Get your slides read by an expert like Epstien at Hopins or Bostwick Labs for a 2nd opinion to insure you are truely a G6. You may not even have a tumor, but insignificant cancer cluster that are common. Approximately 50% of men your age have this condition. Learn as much as you can and don't make any drastic decisions as you have months if not years to decide on a treatment if you cannot psychologically come to grips that you have a cancer that will most likely never harm you. Ask your doctor to calculate your psa density, the size of your prostate in cc divided by 10. The ultrasound given at the time of your biopsy should have this measurement. If your psa is less than 1.5 times this number your are in the very low risk catagory.
JohnT
65 years old, rising psa for 10 years from 4 to 40; 12 biopsies and MRIS all negative. Oct 2009 DXed with G6 <5%. Color Doppler biopsy found 2.5 cm G4+3. Combidex clear. Seeds and IMRT, no side affects and psa .1 at 1.5 years.

ralfinaz
Veteran Member


Date Joined Jan 2011
Total Posts : 735
   Posted 4/5/2011 12:02 PM (GMT -6)   
SL,
Two comments:
Check to see if the problem with the testicle is a varicocele and if it can be repaired. A varicocele could be causing back pressure and allow an influx of free testosterone from the testicle directly to the prostate gland (as per Y. Gat et al). This can promote a disproportionate growth of prostate tissue.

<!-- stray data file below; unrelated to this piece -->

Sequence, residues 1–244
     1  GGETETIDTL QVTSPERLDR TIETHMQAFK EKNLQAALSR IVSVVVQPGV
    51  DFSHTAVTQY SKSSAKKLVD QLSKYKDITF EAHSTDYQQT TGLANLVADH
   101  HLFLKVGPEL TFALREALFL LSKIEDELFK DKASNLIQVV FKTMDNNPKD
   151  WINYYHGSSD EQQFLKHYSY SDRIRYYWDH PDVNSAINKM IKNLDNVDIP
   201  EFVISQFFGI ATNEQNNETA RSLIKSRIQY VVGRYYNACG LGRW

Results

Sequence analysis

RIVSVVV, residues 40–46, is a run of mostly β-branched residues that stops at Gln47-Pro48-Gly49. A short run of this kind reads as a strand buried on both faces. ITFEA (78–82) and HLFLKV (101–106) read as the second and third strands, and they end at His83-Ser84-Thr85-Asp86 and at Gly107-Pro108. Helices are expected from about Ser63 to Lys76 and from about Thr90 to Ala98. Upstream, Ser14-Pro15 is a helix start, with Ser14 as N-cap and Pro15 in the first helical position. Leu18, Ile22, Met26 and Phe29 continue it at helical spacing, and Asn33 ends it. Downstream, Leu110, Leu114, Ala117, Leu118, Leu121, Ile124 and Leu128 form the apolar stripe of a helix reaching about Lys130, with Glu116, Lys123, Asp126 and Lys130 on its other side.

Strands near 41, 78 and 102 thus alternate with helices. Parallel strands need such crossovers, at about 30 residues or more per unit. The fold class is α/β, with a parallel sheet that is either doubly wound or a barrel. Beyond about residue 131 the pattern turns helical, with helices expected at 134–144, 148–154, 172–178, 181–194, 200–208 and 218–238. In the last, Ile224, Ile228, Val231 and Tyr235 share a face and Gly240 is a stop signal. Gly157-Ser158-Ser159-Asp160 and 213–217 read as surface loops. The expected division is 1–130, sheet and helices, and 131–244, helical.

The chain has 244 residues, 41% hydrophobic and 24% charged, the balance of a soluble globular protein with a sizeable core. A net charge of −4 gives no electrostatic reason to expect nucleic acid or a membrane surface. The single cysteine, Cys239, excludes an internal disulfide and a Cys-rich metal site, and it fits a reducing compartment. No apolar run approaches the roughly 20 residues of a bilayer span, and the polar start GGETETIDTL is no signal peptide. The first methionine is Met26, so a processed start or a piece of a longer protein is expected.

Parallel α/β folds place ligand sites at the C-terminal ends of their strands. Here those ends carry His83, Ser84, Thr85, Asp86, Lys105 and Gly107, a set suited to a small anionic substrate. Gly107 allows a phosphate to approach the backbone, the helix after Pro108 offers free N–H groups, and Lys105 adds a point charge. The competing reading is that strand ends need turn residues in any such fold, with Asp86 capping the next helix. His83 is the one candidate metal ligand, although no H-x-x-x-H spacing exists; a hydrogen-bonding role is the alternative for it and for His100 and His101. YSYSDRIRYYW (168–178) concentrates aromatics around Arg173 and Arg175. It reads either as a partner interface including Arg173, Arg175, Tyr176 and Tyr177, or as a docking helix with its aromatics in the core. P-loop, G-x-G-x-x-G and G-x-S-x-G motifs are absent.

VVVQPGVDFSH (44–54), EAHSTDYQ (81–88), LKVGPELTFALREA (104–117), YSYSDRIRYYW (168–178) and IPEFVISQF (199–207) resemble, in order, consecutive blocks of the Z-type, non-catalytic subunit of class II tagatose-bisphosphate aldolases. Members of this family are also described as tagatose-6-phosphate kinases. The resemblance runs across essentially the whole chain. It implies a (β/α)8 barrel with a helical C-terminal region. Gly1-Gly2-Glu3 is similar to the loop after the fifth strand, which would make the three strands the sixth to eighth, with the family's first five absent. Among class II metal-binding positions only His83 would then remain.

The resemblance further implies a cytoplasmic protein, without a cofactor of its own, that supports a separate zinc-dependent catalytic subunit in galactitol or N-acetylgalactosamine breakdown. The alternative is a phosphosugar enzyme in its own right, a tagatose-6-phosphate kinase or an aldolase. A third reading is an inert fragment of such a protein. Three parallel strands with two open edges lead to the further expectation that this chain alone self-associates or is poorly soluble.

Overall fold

In reference to your diagnosis, learn as much as you can before deciding. Many men with an early prostate cancer diagnosis can (and should) consider active surveillance. This is a way to monitor the cancer closely and avoid immediate treatment without a major risk of allowing the cancer to escape. To do this you need medical help that supports active surveillance. Visit the Johns Hopkins website to learn more about their protocol at: http://tinyurl.com/2z2joy

Best regards,

RalphV
Phoenix, Arizona
Surviving prostate cancer since 1992. RP; Orchiectomy;
GS (4 + 2); bilateral seminal vesicle invasion; tumor attached to rectal wall. Last PSA September, 2010: <0.1 ng/ml
Laughter is the best medicine!

davidg
Veteran Member


Date Joined Feb 2011
Total Posts : 4093
   Posted 4/5/2011 12:02 PM (GMT -6)   
Tudpock18 said...
P.S. to davidg:


As one of our moderators was quick to point out in another thread, we need to be careful when saying we have "no side effects". I can understand and respect your enthusiasm for surgery...I feel strongly about radiation. But on other threads you state that you are suffering from extreme fatigue, stress and mild depression". You also have shared that you occasionally use the little pills for help with your erections...hardly a normal course of events for a 40 year old. All I'm saying is, unlike Spamadi, please try to use truth in advertising.